Downy’s CSR initiative includes partnership with Hispanic soap star Leticia Calderon, Latina organization Las Comadres, and Children’s Miracle Network hospitals
MIAMI, FL - Downy fabric softener’s “Touch of Comfor” program has partnered with Quilt for Kids, Inc., Las Comadres international, and soap star Leticia Calderon for an aggressive CSR initiative that includes distribution of more than 100 hand-made quilts for kids nationwide that are part of the Children’s Miracle Network Hospitals .
Downy has partnered with Las Comadres – an international organization of Latinas with networks in more than 90 cities and 12,000 members — to participate in the brand’s pledge to deliver 10,000 quilts to children. Soap opera star and mother of two Leticia Calderon initiated the program Feb. 24 with a visit to Miami Children’s Hospital.
Las Comadres is initially organizing quilting groups in five cities:
Miami, Houston, San Antonio, Los Angeles and New York, with Comadres
in more cities working on individual projects.
“Our Comadres are nurturers and this program is a great opportunity
for us to give back to the community we love, and engage Latinas who
we know are looking for ways to connect with charities that matter and
that make a difference in children’s lives,” said Nora de Hoyos
Comstock, president of Las Comadres.
To date, Quilts for Kids, Inc. has distributed more than 60,000 quilts worldwide and has more than 50 chapters across the nation.
“This program is close to our hearts and we want to do our part to help Quilts for Kids provide personal, volunteer-made quilts to children being treated at hospitals around the nation,” said Marc Villegas, brand manager for Downy
Tide teams with Maria Antonieta Collins and Las Comadres for national Hispanic home economics seminars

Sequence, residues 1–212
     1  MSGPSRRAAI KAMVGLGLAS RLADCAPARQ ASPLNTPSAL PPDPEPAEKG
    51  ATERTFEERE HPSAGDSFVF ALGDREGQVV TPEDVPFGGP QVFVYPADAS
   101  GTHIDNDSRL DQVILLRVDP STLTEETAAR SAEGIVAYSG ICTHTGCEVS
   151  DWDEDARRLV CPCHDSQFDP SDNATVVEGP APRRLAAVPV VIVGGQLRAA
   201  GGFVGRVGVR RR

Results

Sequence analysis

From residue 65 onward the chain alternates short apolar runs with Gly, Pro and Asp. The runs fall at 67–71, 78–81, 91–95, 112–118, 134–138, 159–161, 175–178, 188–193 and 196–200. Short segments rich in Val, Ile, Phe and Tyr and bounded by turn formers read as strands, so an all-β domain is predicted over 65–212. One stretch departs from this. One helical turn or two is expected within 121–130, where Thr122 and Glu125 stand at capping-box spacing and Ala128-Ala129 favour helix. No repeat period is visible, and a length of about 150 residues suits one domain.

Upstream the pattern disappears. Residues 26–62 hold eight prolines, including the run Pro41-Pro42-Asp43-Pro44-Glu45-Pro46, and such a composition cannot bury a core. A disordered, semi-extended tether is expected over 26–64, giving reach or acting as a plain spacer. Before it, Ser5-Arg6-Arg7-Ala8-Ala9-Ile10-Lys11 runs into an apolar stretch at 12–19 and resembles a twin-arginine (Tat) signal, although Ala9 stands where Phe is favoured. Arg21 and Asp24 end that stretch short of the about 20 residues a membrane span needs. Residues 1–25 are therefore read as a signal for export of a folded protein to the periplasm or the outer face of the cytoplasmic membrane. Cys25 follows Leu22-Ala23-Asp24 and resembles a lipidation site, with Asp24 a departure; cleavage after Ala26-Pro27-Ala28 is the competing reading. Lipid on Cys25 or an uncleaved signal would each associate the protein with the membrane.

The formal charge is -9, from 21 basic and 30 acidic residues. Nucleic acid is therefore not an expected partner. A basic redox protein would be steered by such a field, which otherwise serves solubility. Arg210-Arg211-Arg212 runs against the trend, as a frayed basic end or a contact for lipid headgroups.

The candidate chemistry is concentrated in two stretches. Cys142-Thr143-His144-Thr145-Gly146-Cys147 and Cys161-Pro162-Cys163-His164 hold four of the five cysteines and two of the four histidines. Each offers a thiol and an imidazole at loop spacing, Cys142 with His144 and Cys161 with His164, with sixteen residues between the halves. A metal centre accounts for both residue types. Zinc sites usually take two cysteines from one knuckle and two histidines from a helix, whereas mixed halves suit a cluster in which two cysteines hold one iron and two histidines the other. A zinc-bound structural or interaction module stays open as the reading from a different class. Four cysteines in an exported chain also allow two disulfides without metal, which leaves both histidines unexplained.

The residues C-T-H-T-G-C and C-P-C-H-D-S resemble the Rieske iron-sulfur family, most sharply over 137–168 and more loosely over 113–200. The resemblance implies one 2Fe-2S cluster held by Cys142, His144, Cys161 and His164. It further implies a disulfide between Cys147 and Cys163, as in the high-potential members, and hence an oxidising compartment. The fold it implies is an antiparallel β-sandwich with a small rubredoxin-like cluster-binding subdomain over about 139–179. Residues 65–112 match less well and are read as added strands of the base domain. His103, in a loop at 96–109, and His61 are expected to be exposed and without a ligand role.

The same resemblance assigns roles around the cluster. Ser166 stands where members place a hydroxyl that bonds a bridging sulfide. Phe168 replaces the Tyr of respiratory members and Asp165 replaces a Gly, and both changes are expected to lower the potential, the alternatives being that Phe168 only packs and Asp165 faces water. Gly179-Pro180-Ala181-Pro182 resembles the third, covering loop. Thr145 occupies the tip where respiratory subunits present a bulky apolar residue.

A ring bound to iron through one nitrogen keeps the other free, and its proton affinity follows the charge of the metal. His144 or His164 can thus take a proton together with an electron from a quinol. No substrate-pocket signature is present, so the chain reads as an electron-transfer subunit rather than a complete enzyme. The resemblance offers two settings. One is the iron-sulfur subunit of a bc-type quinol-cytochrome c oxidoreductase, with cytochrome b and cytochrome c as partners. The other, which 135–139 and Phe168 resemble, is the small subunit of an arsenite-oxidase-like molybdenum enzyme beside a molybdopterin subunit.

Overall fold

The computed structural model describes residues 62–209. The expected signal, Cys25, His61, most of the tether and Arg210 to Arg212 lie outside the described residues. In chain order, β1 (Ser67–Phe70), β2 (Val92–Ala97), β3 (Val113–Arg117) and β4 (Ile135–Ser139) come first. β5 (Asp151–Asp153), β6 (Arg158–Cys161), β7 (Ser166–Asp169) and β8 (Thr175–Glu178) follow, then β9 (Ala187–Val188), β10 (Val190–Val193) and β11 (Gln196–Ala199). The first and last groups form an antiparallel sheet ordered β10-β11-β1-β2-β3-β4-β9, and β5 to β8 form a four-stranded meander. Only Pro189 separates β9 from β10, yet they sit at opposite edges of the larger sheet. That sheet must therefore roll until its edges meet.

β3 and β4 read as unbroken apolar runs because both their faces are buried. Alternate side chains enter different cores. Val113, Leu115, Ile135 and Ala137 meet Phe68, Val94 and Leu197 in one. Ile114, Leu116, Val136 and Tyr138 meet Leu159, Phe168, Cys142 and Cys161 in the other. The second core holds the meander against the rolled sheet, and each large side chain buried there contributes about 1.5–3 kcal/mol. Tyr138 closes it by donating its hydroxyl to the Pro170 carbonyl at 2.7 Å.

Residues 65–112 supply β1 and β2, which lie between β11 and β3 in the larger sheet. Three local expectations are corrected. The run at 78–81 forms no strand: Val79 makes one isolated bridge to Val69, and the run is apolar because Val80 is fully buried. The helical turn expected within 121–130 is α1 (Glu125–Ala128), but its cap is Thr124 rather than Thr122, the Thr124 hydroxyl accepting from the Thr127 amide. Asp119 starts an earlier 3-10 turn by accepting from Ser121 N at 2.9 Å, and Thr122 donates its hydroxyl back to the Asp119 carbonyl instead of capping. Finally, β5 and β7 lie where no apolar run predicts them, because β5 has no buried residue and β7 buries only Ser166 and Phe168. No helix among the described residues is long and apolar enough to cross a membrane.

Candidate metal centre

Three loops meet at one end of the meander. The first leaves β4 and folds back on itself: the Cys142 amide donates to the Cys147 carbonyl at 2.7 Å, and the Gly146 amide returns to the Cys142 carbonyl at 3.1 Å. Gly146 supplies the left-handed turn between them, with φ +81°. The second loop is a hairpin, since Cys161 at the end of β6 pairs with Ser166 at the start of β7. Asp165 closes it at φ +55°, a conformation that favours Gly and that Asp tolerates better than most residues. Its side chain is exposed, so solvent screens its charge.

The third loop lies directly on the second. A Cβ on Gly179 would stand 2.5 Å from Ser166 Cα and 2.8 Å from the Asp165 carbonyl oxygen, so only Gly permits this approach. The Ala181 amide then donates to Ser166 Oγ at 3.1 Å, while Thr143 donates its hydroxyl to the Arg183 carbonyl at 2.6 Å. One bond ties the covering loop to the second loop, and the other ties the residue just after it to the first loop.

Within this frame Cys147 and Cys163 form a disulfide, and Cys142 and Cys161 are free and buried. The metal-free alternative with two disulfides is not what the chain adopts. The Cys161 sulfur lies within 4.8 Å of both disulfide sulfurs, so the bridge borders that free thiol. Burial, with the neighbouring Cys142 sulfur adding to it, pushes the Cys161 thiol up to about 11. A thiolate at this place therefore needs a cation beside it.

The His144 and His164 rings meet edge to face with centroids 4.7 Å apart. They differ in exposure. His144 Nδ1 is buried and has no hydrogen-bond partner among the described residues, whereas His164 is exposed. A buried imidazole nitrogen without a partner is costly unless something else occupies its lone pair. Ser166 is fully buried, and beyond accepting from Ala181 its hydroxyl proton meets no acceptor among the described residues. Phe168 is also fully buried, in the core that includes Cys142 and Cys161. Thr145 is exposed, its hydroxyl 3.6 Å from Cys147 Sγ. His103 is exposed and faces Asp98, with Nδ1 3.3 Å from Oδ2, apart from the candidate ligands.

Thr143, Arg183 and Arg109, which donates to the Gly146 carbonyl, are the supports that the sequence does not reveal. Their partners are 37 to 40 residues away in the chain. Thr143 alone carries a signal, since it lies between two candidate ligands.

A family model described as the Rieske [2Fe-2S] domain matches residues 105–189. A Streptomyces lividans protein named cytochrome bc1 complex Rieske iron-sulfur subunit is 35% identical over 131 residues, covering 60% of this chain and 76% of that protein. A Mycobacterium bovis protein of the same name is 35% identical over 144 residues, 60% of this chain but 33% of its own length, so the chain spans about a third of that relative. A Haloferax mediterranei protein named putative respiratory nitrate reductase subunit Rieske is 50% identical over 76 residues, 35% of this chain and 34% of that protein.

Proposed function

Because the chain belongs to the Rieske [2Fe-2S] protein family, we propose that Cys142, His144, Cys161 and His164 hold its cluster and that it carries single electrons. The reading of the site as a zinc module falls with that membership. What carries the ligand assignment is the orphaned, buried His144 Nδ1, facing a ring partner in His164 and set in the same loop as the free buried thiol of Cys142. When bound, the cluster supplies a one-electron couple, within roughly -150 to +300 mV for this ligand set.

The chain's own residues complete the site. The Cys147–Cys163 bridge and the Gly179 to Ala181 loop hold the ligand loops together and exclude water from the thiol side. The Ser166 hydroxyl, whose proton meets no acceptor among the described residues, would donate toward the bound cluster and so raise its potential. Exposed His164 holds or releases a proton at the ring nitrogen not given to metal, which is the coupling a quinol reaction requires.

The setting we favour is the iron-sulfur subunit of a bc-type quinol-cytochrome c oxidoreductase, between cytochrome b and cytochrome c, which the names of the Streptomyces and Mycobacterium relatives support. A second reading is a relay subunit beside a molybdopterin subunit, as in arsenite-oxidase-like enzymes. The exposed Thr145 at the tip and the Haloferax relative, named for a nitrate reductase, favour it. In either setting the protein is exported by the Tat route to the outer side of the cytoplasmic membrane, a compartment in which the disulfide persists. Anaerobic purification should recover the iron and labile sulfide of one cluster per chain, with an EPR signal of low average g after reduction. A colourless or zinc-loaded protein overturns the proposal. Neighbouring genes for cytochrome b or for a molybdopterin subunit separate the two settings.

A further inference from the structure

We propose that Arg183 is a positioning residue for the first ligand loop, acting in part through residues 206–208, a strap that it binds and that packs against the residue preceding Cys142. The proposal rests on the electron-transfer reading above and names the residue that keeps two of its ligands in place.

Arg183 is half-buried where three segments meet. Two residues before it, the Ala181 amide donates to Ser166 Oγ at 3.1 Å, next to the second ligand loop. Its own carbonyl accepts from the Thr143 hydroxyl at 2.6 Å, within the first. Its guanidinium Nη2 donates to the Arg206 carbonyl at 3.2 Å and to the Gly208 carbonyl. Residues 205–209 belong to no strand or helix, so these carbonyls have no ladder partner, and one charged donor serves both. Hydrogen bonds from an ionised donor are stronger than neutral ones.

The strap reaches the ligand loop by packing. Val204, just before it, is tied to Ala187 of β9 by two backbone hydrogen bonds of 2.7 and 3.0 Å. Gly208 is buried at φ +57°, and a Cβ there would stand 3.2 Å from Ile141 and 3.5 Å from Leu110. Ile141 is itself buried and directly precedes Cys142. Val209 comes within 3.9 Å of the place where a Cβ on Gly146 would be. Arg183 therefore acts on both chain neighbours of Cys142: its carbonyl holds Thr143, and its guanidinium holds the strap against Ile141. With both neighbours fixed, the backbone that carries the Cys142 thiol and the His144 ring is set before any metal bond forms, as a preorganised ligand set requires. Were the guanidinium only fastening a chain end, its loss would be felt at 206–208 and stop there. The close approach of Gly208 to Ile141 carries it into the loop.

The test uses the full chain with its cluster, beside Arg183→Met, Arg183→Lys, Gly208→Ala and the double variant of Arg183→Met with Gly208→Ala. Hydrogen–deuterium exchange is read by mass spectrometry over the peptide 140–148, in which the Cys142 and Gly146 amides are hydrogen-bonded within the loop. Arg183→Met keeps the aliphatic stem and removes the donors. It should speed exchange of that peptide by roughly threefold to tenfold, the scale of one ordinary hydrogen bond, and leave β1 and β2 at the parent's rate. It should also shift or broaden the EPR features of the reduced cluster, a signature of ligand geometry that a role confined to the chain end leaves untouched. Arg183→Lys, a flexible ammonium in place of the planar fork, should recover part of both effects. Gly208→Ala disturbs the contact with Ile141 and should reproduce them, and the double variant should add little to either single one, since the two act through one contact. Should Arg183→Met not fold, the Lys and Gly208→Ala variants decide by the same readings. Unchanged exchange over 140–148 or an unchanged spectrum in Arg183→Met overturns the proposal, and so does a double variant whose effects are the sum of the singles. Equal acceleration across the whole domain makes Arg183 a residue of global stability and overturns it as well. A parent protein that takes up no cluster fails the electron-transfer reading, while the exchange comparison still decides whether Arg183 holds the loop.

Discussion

CINCINNATI, OH – Procter & Gamble’s Tide brand is teaming up with journalist Maria Antonieta Collins and national organization “Las Comadres to bring them the Tide “Mas Valor por tu Dinero” Home Economics Seminars. It is estimated that 31 percent of Hispanics have more expenses than income every month, according to Buenhogar Magazine.
The free seminars will give attending women the information and resources to get more value for their money, with tips from how to put together a practical budget to how to save time and money when doing laundry and buying groceries.
“Based on my experience, which I have shared in one of my books, I understand firsthand the importance of proper budget management and learning to live within our means, and I am thrilled to be working with Tide to share this knowledge with Hispanic women across the country,” said Collins.
“We are all going through difficult times and it is imperative to learn to better manage both our time and money so we can get the most value as well as achieve and maintain financial stability and a good quality of life,” added Collins.
Open to the public, the seminars will be taking place starting January through June in the following Hispanic dense cities:
– Miami: January 27, Miami Dade College
– Nueva York: February 24, Queens Flushing Library
– Dallas: March 23, Mountain View College
– Los Angeles: May 12, Boys and Girls Club
– Houston: June 6, Ripley House
“Tide understands that, because of the difficult economic situation, everyone is looking for ways to get more value for their money every day without sacrificing on quality,” said Anelsie Ramos, External Relations Manager for Tide. “Through the Tide Home Economics Seminars, we want to show women that there are simple yet effective ways to get more value for their money on an everyday basis.”